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Canada Commits $22.6 Million to Training of African Scientists on Climate Change

September 2, 2016

Marie-Claude-Bibeau-450x450MARIE-Claude Bibeau, minister of International Development and La Francophonie, has announced that Canada would contribute CA$22.6 million over five years to the African Institute for Mathematical Sciences – Next Einstein Initiative, AIMS-NEI, to train African mathematical scientists to develop climate change adaptation and mitigation solutions.

With the funding, AIMS will expand its successful model of training African post-graduate students in advanced mathematical sciences to incorporate a greater focus on climate change. The funding will be delivered via Global Affairs Canada (CA$19.6 million) and the International Development Research Centre, IDRC, (CA$3 million). The IDRC will manage the funding on behalf of the Canadian government.

With the funding, AIMS will develop a specialised program in climate change at AIMS-Rwanda and a climate change course option will be offered at all AIMS centres.

AIMS will also support up to three research chairs to lead some 50 African researchers to build a specialised body of knowledge in addressing the impacts of climate change in Africa. AIMS will create a climate change internship program for its students and alumni, as well as research fellowships for outstanding African women mathematical scientists to conduct climate change research. An additional AIMS centre will be opened in Francophone Africa.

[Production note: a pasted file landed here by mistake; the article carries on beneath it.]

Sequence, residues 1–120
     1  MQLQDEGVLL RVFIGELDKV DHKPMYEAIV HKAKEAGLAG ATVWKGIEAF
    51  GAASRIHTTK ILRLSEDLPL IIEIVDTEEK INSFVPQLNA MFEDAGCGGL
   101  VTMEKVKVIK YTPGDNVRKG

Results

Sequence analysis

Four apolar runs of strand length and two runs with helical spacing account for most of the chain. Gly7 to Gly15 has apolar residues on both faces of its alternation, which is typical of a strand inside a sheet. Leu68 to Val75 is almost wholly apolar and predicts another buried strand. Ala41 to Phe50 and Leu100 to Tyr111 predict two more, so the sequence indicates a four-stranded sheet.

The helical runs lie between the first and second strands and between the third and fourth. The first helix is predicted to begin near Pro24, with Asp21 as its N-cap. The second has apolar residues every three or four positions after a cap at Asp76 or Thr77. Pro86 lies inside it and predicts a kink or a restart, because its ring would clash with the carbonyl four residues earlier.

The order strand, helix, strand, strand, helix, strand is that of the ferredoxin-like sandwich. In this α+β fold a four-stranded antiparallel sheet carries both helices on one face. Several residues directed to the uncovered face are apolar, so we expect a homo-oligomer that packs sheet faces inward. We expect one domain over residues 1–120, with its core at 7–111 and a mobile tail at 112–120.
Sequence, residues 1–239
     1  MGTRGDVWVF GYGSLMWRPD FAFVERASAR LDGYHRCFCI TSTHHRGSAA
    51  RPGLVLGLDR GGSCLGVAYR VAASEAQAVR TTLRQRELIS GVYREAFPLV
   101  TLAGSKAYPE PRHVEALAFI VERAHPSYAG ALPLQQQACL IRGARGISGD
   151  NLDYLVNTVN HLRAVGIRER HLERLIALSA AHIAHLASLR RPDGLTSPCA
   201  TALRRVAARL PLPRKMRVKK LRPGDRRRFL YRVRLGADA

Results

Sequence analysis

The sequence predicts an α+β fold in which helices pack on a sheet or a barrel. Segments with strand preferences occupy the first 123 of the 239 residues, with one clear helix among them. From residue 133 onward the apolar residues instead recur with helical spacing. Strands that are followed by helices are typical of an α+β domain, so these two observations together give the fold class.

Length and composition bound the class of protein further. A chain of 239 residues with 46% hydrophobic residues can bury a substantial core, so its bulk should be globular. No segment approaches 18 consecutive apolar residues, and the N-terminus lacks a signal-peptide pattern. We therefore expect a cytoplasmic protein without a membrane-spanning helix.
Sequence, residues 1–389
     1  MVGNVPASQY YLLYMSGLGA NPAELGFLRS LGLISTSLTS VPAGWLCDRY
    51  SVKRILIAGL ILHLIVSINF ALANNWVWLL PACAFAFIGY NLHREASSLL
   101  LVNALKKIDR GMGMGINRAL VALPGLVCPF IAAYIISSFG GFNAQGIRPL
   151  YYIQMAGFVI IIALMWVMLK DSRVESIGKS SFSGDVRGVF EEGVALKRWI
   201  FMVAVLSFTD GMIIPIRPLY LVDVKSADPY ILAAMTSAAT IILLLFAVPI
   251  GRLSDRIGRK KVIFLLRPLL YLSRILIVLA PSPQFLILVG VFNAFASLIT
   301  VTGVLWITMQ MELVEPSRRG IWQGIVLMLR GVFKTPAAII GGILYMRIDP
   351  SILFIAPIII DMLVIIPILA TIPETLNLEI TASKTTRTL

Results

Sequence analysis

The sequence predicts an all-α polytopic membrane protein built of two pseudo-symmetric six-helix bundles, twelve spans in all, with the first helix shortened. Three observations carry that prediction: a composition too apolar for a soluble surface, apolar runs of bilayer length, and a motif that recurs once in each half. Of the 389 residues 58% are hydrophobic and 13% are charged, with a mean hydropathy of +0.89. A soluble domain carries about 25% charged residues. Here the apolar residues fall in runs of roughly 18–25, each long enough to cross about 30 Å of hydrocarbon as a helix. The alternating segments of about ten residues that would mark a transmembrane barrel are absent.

AIMS is building a critical mass of mathematical scientists in Africa who can address the continent’s complex economic, health, agriculture, and environmental challenges. Every year, some 50 of Africa’s top students enroll in each of AIMS’ six centres to take a 10-month graduate-level course, leading to a Master’s degree in mathematical science.

Already, AIMS alumni have demonstrated their impact on climate change research. For instance, alumni have developed crop models to estimate the future of food security in the face of a changing climate, used mathematical modelling to help industry convert waste to energy, and developed models to understand the diffusion patterns of infectious diseases as warming climates lengthen transmission seasons.

“This initiative demonstrates Canada’s commitment to Africa’s youth and their ability to find lasting solutions to the world’s most pressing challenges, like climate change. AIMS will make great strides to increase the recruitment and advancement of young mathematical scientists, especially women, in Africa,” Bibeau said.

Responding to the gesture, Thierry Zomahoun, president and CEO, AIMS, said: “We are thrilled to receive this investment from the Government of Canada at a time when the world and Africa’s efforts are focused on the sustainable development of the continent and its most valuable human resource—its youth.”

*Real News

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